My large collection of baby spiders is much smaller now. This morning, I went through the whole collection, scrutinizing them carefully for health, and tallied up the end result of my breeding experiments. Then I gave everyone a last meal in their baby vials, because tomorrow I rip up their natal cobwebs and transfer each to new, clean, larger containers so I can raise them to full adulthood.
It was a grim morning. There’s been a steady die-off of spiders over the last two months, often occurring at molting — they sometimes seem to get stuck, and that’s the end of that. I had three separate lines of spiderlings: 1) The R (for Runestone) line collected from a female at Runestone park, well off the beaten track; 2) The H (for Horticulure) line collected at an outdoor building at the local Horticulture garden; and 3) The M (for Myers) line collected right here in my garage at home. There was considerable variation in mortality.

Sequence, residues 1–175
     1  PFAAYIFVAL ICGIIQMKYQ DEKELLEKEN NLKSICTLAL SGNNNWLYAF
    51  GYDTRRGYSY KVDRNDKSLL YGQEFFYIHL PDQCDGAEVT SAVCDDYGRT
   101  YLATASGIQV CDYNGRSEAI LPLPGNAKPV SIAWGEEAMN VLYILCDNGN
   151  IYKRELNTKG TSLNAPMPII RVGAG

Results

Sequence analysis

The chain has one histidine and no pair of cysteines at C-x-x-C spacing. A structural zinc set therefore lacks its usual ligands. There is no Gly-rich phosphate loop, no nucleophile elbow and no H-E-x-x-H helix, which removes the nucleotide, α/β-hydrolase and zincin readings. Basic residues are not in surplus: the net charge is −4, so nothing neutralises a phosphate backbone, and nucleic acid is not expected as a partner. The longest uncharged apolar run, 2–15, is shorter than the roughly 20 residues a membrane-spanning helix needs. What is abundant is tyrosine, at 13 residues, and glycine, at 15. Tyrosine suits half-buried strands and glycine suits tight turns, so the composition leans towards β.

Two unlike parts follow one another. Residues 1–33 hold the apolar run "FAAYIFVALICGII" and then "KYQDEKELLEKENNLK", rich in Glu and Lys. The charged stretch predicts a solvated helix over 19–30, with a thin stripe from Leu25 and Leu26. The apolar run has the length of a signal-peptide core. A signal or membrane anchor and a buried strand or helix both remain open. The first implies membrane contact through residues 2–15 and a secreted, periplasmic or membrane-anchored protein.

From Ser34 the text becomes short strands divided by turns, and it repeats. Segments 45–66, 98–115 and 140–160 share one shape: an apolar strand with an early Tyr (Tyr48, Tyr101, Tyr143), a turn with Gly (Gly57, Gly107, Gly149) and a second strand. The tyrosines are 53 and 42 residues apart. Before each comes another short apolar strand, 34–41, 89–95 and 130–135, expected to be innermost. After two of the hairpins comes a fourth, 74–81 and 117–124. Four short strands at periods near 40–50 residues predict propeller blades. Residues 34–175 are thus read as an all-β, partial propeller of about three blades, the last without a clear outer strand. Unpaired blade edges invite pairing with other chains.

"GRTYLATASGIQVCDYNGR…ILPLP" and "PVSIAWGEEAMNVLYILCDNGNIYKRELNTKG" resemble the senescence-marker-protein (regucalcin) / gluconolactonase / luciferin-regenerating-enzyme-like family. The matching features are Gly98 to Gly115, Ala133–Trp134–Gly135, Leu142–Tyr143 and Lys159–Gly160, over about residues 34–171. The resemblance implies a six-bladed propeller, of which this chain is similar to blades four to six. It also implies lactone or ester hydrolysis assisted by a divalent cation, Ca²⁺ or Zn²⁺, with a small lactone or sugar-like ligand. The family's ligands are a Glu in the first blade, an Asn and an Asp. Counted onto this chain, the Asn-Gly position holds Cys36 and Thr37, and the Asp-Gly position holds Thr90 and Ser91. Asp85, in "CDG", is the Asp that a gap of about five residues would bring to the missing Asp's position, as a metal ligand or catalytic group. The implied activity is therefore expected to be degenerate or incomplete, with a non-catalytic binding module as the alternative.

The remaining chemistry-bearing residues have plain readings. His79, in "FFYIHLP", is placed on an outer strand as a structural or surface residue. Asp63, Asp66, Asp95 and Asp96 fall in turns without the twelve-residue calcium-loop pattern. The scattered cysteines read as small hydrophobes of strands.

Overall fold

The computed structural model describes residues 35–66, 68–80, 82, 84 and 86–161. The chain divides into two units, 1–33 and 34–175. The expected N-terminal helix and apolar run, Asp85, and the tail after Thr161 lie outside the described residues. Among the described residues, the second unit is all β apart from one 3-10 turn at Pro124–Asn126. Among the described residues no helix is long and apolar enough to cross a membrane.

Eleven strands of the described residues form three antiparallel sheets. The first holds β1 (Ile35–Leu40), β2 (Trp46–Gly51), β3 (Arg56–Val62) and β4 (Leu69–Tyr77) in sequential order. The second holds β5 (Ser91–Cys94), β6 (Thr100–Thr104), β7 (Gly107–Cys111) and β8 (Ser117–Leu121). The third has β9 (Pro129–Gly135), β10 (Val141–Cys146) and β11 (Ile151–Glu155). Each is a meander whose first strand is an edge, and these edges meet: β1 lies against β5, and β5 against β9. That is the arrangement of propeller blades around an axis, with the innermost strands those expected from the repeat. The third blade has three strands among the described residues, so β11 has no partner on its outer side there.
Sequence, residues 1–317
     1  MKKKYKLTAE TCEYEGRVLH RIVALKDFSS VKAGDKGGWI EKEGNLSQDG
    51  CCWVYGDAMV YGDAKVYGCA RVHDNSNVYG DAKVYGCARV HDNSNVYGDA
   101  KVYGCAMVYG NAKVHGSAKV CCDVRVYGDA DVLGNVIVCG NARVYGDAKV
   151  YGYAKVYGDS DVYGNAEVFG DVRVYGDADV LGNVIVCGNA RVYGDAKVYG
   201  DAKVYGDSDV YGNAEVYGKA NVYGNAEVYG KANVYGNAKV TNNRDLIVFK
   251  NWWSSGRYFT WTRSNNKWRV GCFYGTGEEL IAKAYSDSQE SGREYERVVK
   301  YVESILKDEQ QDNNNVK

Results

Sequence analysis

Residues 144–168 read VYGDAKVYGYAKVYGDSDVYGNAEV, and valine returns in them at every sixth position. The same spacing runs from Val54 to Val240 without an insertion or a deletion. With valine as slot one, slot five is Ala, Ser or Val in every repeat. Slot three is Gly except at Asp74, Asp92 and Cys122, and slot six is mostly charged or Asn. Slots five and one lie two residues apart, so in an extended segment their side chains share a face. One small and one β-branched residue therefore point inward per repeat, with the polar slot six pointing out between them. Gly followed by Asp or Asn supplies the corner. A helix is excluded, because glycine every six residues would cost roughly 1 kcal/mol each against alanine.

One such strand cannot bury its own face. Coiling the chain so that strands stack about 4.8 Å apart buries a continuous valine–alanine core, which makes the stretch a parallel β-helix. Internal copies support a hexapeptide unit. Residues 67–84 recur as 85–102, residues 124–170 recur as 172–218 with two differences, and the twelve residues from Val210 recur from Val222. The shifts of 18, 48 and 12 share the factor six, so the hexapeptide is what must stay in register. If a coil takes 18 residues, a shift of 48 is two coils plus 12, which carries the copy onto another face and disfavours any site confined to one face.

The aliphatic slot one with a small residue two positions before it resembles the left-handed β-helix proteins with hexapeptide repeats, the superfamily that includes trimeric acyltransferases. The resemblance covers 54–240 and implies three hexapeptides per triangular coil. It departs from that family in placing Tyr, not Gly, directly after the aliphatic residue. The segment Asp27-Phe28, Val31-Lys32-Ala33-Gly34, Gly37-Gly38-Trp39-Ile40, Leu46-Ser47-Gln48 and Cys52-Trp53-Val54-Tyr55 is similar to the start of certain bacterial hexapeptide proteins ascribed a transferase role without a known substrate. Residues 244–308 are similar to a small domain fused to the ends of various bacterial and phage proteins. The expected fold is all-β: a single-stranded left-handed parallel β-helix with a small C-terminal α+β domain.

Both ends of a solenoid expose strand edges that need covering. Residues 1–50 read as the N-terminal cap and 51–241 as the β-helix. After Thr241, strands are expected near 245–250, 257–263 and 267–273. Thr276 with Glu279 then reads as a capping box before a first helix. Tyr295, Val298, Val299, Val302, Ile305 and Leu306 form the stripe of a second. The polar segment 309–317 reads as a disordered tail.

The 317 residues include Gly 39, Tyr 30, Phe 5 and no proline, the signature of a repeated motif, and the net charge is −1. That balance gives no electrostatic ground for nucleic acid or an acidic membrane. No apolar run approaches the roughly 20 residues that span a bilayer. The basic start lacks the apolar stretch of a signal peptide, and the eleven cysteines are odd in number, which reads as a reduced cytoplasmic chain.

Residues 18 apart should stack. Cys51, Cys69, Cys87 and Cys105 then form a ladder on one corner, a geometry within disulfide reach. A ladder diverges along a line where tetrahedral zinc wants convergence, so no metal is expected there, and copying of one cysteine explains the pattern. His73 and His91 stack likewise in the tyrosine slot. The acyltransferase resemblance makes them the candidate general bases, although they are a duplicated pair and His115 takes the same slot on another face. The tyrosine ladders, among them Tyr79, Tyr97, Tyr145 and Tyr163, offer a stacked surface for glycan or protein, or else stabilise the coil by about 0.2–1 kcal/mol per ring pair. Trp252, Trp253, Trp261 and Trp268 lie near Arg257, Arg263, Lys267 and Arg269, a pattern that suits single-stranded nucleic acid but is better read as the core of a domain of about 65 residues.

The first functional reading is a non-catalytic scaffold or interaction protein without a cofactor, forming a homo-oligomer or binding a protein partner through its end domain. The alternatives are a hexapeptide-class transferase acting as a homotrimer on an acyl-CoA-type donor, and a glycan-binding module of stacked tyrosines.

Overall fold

R line: 95% (!) ☠
H line: 75% ☠
M line: 50% ☠
Maybe I’m just terrible at spider husbandry. I don’t have a good feel for how much normal juvenile death I ought to expect. It’s possibly interesting that the line collected from an indoor spider thrived best in the lab, while the ones found in a rather ‘wilder’ environment did worst.
Today wasn’t great, but the survivors all look fat and handsome and healthy, and tomorrow they get moved to their new roomier abodes, and I’ll also take photos of them. I’ll probably flood my Instagram account with pictures of my pretty young spider children, so watch out for that.